What they hear: “It’s time to get out all of the toys that make noise. And be sure to drop everything imaginable on the hardwood floors and slam all of the doors in the house. And yes, now is the perfect time to pretend you’re in a rock band. Oh, and why don’t you go ahead and throw an epic tantrum in there.”

What I say: “I’ll be right back, I need to go to the bathroom.”
What they hear: “Grab your food and all of your toys and come with me. I love having company in the bathroom. The more the merrier. Please also take this opportunity to ask me how it is you came out down there and unroll the entire roll of toilet paper. Oh, and why don’t you go ahead and throw an epic tantrum in there.”

What I say: “Quickly, please go get me a burp cloth from the closet.”
What they hear: “Please walk around the house at a snail’s pace looking in every possible closet but the one where we keep the burp cloths and then get distracted by a shiny object and never bring me anything because I like it when spit up seeps into the carpet and dries on my clothes. It makes for a nice aroma. Oh, and why don’t you go ahead and throw an epic tantrum in there.”

What I say: “Please play nicely.”
What they hear: “Yes, you two are mortal enemies and should treat each other as such. Everything in the house actually belongs to just you and no one else, so I completely understand why you’re screaming bloody murder and acting like that toy you haven’t played with in 4 months is your most prized possession. Oh, and why don’t you go ahead and throw an epic tantrum in there.”

What I say: “Let’s try to keep those new clothes clean.”
What they hear: “New clothes make the best play clothes. Yes, you should absolutely go paint me a picture and then go outside to search for worms in the mud. And if you can manage to get some ketchup and chocolate on them, that’d be just swell. Oh, and why don’t you go ahead and throw an epic tantrum in there.”

What I say: “Goodnight, sleep tight.”
What they hear: “It’s party time! After you throw all of your stuffed animals off your bed to make room for all of your jumping, please make sure you get out of bed no less than 5 times each to come and tell me that you are hot. Or cold. Or hungry. Or thirsty. Or have to go to the bathroom. Or that you hear a witch outside. Oh, and why don’t you go ahead and throw an epic tantrum in there.”



I’m In: The Orange Rhino Challenge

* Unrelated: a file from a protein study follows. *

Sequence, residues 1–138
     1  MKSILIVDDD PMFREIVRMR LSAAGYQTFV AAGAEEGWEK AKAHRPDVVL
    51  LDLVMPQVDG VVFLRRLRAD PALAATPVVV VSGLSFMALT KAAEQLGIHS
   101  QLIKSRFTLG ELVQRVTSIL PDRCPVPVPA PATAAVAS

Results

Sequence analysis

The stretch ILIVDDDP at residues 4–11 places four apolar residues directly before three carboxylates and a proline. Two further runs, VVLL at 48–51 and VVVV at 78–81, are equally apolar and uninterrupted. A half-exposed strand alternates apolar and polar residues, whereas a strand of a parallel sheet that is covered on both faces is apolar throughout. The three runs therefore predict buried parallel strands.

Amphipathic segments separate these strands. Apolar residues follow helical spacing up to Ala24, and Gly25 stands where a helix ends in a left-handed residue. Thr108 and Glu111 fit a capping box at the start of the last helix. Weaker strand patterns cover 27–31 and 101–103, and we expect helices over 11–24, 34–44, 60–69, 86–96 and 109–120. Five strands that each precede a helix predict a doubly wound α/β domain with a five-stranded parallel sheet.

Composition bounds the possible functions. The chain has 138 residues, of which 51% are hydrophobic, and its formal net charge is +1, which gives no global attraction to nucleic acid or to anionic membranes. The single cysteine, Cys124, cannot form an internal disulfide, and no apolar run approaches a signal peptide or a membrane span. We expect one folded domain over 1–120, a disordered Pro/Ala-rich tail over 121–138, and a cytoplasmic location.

Enough with the all caps already, right? Well, if that annoyed you just reading it, can you imagine how my kids felt hearing me scream those things? How I felt after losing my cool and screaming at them? This happens in my house more than I’d like to admit. Which makes my kids feel shitty. Makes me feel shitty. So I’m going to do something about it.

I love my kids. Fiercely. And I tell them that so many times a day they often roll their eyes at me. I’m the first to admit, however, that I have very little patience. This is something I’ve known and dealt with my whole life and something that I actively work on. I didn’t say successfully work on, but actively. I’m trying. Really. Or so I thought I was until I read The Orange Rhino’s “10 Things I Learned When I Stopped Yelling at My Kids.” (If you haven’t already, I highly suggest you read her post. It so precisely describes, in my opinion, probably every parent’s struggle with the guilt associated with yelling at your kids.)

button5This amazing woman made it her mission to stop yelling at her kids for 1 year. A whole mother-loving, freaking year. (And as of today, she’s made it 418 days!) And she didn’t just say she wasn’t going to yell, she actually came up with a plan for how to meet her goal. Like an actual plan, with guidelines for what constitutes yelling, a yelling meter to distinguish various levels of yelling, tracking resources, rules for counting days . . . And then she turned her plan into a challenge. A challenge for other parents to stop all the yelling, too.

After reading all about The Orange Rhino Challenge, I realized that my “efforts” to work on my patience and stop yelling weren’t efforts at all. They were just thoughts that didn’t translate into meaningful actions. The conviction in my head and heart was there, but what good is that if I’m not following through with my actions? “Actions speak louder than words,” I always say. Say. Words. I wasn’t doing. “Aww hell!”

But now I am. I am going to take the challenge. I am proclaiming that as of today, April 1, 2013, my goal is to make it 365 days without yelling at my kids. And then, like The Orange Rhino, I want to keep going. And going, and going. I want to stop feeling shitty when I break down and yell at my kids. I want my kids to stop feeling shitty when I break down and yell at them. I want to stop breaking down and yelling at my kids! I want to learn new methods for dealing with my anger and lack of patience. This problem is all on me. Not my kids. I want to do better by them. I want to be a good role model for them because, quite honestly, I am already starting to see a lot of this yelling behavior beginning in them, and it breaks my heart. I want it all to stop.

It’s a lofty goal, I know, but I’m in. For my kids. For me.

Who wants to join me? (If you do, I promise we can hold hands and sing “Kumbaya.” But quietly. Didn’t you hear there’s no more yelling around  here?) 🙂


Keep Calm and Let Your Son Dress Like a Princess if He Wants